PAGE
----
Poet pays tribute to sister's final days


January 15, 2002|By Debra Taylor Young | Debra Taylor Young,SPECIAL TO THE SUN

ON A SUNNY day in August 2000, Kathleen Adcock, author and Sykesville resident, lost her youngest sister, Maureen Rose (Fiore) Brothers, 45, to cancer.

The cancer had been diagnosed 10 weeks before her death.

Brothers' death followed eight years of misdiagnoses and an unnoticed family predisposition to colorectal cancer

Her grieving extended family spent the final weeks of her life struggling to help her fight the disease, comfort her and themselves, and ultimately deal with the grief of losing someone so dear, according to Adcock.

Adcock responded to her sister's death by channeling her emotions into her writing.

"The words and images seemed to pour from somewhere, as if she stood over my shoulder," said Adcock, who wrote a book of poems titled Maureen Rose, a tribute to her late sister.

The collection offers a glimpse into the final weeks of her sister's life, the medical and emotional challenges of critical illness, and the memories of a close family bound by traditions that included large reunions and holiday gatherings at Brothers' Finksburg home.

Adcock has eight other brothers and sisters. All but one live in the area. Their mother, Mary, 80, also lives nearby.

The many family occasions spent together often include up to 50 people.

Although their father died of complications from colon cancer, Brothers' symptoms of nausea, dizziness and occasional vomiting went undetected by doctors as signs of a genetic predisposition. She was treated with nausea pills.

When her symptoms became too difficult to ignore, doctors found the cancerous polyp. Brothers' cancer was diagnosed on Memorial Day 2000. Her cancer was inoperable. Adcock recalled that her sister immediately urged her siblings to be tested.

The testing revealed that four siblings had precancerous polyps, Adcock among them. All four underwent surgery to remove the polyps.

"Maureen saved our lives," Adcock said softly.

"I've been writing poetry since the age of 9," she said. "I've written the whole gamut that poets instinctively cover - life, death, love, joy, anger, grief and hope. But nothing could prepare me to write about the death of someone so close."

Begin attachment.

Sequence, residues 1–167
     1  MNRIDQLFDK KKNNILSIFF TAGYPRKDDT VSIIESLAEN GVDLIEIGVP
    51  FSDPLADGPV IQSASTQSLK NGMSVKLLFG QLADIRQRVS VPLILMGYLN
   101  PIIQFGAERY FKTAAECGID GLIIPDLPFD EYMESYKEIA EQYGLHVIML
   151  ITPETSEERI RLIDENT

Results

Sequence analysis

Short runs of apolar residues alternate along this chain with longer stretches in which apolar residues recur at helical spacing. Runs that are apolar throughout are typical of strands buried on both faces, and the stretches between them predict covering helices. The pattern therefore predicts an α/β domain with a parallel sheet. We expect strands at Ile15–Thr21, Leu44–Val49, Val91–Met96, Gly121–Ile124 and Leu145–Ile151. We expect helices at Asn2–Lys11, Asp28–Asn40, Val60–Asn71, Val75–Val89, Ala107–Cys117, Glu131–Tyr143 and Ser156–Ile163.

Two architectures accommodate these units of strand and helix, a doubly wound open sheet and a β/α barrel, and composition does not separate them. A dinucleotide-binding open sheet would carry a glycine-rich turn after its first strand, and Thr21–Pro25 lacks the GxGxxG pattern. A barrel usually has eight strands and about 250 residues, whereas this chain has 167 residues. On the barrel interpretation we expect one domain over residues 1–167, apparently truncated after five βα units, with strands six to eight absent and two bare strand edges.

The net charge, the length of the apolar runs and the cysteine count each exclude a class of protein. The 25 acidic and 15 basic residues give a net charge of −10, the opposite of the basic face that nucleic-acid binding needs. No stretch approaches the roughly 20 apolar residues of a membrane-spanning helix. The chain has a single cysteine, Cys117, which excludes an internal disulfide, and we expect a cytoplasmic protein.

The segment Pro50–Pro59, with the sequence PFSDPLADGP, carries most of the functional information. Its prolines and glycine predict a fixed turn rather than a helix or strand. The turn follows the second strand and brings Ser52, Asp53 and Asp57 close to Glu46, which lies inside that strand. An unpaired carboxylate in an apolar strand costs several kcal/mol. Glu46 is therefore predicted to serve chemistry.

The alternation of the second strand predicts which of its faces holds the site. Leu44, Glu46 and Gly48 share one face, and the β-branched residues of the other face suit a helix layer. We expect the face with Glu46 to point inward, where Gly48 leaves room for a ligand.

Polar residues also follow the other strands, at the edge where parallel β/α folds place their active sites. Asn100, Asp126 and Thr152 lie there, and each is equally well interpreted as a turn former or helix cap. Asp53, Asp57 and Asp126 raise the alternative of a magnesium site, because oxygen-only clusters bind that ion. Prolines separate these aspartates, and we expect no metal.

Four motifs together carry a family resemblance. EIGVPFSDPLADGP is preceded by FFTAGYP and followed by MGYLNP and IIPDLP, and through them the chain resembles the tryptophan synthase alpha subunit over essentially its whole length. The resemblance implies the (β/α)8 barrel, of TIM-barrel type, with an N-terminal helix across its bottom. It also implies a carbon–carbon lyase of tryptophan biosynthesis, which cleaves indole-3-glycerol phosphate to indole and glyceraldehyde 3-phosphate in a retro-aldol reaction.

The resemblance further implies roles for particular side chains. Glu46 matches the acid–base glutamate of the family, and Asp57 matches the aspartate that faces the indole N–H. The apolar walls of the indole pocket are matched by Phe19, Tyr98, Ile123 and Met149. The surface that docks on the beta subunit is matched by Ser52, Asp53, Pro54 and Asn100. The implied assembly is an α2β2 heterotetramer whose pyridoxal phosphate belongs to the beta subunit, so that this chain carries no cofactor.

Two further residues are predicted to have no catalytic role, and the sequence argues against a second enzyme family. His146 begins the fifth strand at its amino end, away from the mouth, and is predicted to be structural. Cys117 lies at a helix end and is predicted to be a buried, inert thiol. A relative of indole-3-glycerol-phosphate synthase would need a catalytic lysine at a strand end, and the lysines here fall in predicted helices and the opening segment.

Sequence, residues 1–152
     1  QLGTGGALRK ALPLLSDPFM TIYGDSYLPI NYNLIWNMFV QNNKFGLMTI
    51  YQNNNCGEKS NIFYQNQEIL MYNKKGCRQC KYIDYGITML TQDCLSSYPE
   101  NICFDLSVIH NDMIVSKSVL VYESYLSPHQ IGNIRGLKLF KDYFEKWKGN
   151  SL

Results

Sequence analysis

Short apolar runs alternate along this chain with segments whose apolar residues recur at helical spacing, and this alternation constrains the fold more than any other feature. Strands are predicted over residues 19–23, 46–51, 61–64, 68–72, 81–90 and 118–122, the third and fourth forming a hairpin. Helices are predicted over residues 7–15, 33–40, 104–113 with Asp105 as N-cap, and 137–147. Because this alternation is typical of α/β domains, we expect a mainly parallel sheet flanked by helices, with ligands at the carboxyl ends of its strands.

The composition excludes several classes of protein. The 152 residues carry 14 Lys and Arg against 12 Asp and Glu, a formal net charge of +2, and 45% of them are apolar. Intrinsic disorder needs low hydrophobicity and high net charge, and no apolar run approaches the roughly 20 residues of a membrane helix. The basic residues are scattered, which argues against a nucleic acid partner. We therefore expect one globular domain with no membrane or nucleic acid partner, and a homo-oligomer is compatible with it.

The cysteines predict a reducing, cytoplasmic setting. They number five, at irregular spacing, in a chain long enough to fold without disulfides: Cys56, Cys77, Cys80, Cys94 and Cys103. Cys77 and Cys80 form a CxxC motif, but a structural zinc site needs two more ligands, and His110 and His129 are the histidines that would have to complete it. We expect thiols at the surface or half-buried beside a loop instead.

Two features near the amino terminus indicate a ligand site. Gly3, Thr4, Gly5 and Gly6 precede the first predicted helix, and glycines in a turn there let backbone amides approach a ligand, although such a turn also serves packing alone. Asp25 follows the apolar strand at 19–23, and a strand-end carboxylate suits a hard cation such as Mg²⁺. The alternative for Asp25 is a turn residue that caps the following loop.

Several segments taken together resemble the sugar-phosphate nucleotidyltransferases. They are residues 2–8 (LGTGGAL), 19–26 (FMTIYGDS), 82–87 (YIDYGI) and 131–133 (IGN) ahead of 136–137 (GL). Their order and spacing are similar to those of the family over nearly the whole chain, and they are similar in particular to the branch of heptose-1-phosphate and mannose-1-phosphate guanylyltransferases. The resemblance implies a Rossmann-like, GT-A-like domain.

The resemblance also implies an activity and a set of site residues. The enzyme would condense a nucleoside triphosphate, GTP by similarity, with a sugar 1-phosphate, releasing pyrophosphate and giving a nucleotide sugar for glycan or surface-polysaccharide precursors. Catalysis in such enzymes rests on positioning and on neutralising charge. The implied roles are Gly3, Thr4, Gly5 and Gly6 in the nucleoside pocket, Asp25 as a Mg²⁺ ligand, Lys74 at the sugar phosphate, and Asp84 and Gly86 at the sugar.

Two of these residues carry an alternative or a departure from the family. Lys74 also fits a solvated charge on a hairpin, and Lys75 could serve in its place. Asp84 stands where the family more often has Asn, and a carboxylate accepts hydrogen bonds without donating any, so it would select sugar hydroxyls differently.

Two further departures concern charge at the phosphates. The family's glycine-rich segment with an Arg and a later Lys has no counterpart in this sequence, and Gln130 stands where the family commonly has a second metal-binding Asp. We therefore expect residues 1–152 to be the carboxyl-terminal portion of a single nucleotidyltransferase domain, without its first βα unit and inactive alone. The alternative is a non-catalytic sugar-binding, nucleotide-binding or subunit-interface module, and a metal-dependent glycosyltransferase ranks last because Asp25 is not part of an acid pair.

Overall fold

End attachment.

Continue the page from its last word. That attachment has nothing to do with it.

Brothers was the mother of two teen-age sons, Chris, 19, and Kevin, 17. Adcock said the extended family remains close to the boys and her sister's husband, Terry.

Brothers' work as a family services specialist at the Maryland School for the Deaf was important to her.

Adcock said her sister would be happy to know that all proceeds from her book go to the Maureen Brothers Student Assistance Fund, established to help the neediest families at the school for the deaf.

Before her sister's death, Adcock had written two poetry collections, and has been widely published in journals that include The Baltimore Review, The Beauty for Ashes Poetry Review, Dream International Quarterly and Psychopoetical.

She received many awards for her work. Her husband, Kenneth, contributes artwork and photographs to her collections.

Maureen Rose is available by calling 410-795-7957, or by e-mail at nebulatwo@starpower.net.

Business group to meet

South Carroll Business Association will meet at noon tomorrow at Salerno's Catering Hall at 1043 Liberty Road in Eldersburg.

The meeting will include networking, speakers and drawings.

Fees are $10 for members and $15 for nonmembers.

Information: Rebecca Gootee, 410-356-2046.

Women's self-defense

Morning Star Martial Arts is offering a self-defense seminar for women from 10 a.m. to 4 p.m. Feb. 10 at Sykesville Middle School on Springfield Avenue.

The seminar is for ages 13 and older, and will be taught by Peter Hiltz, a fourth-degree black belt.

Loose, comfortable clothing and a bag lunch are recommended. Fees are $45. Registration is required.

Information: 410-549-7437.

Debra Taylor Young's Southeast neighborhood column appears each Tuesday in the Carroll County edition of The Sun.

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